Portland, Oregon has no shortage of attractions for the out-of-town visitor. From the International Rose Test Garden to the Portland Timbers and even Voo Doo Donuts, a family could easily fill a long weekend just scratching the surface.
We visited Portland a few times over the past few months with the goal of exploring many of the indoor venues geared towards children and families. We started at the Oregon Museum of Science and Industry (OMSI).
Ranked one of the leading science museums in the nation, OMSI features over 200 interactive exhibits and seven learning laboratories distributed over five exhibit halls. As the name implies, the museum’s focus is on science and industry in its various forms.
OMSI is quite hands-on (we enjoyed the Vernier Technology Lab) featured in the photo above. OMSI has exhibits for big kids and little kids, but perhaps not toddlers. The building also houses a movie theater, planetarium, and submarine exhibit located behind the building and in the Columbia River; visiting these attractions require different admission rates. Leave a solid half-day to fully visit this attraction, noting the facility has an on-site cafe/restaurant.
Located within Washington Park are two museums within walking distance of the Oregon Zoo (read our zoo review in this story): the World Forestry Center and the Portland Children’s Museum. Between the two facilities, the World Forestry Center is better situated for the bigger kid (elementary and older), but both have options for families with children of varying ages.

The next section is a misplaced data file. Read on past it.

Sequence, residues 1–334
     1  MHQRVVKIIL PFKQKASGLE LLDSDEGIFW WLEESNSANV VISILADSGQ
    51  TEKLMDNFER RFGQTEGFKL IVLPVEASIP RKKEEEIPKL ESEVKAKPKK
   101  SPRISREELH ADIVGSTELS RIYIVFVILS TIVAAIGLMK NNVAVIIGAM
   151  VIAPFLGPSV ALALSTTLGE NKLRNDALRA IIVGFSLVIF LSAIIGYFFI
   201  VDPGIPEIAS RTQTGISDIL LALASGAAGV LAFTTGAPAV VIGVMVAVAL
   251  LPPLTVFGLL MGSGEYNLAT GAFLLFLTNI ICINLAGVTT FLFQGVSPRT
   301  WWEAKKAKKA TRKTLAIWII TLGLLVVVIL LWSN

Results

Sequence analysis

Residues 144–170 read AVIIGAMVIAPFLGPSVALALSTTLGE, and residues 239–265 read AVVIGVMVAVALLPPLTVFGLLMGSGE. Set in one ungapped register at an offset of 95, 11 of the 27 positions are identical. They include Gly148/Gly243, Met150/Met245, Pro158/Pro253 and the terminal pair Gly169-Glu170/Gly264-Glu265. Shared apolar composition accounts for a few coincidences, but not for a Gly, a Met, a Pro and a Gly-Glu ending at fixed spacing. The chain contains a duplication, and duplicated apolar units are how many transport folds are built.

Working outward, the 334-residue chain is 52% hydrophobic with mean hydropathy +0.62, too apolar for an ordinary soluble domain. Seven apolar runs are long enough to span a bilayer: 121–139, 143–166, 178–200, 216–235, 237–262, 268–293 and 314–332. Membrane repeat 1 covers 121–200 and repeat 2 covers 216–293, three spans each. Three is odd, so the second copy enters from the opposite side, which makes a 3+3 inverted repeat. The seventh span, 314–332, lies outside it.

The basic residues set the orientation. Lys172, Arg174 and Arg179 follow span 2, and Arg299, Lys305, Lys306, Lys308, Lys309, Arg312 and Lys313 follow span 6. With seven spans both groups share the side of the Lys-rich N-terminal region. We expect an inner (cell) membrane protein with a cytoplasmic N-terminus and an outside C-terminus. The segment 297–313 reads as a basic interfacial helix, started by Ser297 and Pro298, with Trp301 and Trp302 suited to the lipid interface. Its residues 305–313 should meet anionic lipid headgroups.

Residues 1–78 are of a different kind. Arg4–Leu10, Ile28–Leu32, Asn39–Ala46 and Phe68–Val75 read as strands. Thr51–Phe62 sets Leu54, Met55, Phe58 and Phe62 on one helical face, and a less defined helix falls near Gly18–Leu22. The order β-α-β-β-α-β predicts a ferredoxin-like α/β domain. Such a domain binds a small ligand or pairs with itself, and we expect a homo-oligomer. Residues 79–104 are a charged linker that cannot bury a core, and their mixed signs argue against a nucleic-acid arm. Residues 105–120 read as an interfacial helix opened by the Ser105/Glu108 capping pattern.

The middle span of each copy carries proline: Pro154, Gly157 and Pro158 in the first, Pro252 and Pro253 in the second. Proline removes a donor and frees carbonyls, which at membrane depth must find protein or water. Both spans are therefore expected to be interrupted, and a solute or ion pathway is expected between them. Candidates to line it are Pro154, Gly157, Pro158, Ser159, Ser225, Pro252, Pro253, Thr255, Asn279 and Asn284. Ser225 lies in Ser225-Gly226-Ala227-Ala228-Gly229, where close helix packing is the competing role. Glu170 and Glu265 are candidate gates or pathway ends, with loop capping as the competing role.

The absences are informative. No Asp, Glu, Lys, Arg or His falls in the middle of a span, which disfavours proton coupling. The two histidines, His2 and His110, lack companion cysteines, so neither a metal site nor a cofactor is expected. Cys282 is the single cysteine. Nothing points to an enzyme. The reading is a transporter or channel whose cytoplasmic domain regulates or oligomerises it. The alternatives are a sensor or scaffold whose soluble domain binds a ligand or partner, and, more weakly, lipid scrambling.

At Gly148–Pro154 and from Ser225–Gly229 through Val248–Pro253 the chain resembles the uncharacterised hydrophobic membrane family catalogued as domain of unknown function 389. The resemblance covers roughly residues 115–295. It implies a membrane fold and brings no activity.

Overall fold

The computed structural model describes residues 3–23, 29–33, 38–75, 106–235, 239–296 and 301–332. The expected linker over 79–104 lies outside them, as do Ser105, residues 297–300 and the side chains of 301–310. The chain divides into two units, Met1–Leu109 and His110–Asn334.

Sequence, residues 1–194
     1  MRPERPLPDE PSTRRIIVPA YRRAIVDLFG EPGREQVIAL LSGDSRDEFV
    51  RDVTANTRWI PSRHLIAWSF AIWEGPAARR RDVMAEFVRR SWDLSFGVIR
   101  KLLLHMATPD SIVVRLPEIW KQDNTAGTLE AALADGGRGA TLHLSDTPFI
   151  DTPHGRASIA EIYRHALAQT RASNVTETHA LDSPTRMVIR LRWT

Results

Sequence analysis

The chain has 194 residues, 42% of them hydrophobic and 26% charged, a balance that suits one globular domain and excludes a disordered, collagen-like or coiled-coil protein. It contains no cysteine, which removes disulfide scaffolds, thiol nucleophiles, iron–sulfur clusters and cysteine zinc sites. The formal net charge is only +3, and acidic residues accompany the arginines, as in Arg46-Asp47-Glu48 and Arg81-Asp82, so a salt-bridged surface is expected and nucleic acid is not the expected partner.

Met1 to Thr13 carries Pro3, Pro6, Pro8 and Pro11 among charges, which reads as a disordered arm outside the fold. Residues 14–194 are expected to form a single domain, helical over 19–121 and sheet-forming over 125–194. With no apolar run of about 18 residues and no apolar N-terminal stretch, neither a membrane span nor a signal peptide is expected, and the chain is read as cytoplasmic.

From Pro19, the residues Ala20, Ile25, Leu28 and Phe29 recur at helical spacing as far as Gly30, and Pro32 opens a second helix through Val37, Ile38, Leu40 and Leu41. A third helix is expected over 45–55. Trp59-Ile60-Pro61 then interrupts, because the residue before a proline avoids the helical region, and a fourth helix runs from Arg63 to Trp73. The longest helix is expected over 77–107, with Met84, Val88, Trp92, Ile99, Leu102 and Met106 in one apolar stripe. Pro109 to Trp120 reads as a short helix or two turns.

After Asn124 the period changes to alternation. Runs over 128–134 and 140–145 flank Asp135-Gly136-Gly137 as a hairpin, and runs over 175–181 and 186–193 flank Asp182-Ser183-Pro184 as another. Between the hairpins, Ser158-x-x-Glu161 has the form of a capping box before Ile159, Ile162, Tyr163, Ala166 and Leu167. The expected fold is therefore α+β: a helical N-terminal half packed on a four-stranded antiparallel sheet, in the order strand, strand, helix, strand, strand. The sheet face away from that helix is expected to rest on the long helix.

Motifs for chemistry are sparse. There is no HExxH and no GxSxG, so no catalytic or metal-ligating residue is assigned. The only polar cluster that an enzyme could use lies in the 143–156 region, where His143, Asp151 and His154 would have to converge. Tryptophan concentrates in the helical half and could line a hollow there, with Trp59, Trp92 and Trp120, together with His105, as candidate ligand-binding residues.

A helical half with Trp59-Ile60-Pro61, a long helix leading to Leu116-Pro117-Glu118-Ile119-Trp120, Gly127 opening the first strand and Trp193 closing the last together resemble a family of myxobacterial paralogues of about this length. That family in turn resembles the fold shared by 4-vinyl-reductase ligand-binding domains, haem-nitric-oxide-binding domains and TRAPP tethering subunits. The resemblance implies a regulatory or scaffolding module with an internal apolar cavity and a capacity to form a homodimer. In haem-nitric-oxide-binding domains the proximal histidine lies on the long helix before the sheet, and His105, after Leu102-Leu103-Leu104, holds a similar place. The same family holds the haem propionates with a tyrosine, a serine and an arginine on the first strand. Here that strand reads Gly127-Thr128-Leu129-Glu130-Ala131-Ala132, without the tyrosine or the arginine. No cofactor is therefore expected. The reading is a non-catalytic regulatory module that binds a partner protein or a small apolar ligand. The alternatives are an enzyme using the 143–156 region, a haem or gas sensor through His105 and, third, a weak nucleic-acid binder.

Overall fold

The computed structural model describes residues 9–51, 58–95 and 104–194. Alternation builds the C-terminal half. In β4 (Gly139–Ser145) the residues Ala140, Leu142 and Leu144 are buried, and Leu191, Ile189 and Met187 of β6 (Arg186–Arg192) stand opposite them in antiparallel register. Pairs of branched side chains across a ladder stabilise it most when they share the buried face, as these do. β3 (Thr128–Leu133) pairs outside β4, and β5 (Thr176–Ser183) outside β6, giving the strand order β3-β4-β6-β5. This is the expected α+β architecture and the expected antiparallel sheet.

Sustainable forestry is the key underlying theme at the World Forestry Center. On the first floor, exhibits focus on careers in the forest industry, forest biodiversity, and machinery used in managing forests and fighting fires (in the photo above, the kids are using a parachute simulator to land near a target through a dense canopy). The second floor features different types of forests around the world and offers complimentary lessons on geography as well as ecology.
Inside the Portland Children’s Museum, we struggled to find activities that appealed to our now older (upper elementary and middle school) kids, but we did spend a bit of time exploring the museum’s maker and clay studios.
If you go, leave time to explore the outdoor adventure area and the twelve different stations that encourage exploration, free play, and room to run—our favorite is the Zoom Tree (perfect for climbing with your siblings).
In general, families with babies, toddlers, and young children will love the Portland Children’s Museum. Like OMSI, there’s also a cafe/restaurant. Alternatively, you could dine in the larger facility at the Oregon Zoo, which is located between the ticketing and admission gates.
For more information and more ideas on planning your own family vacation in Portland, Oregon, TravelPortland.com is a great place to do a bit of research.
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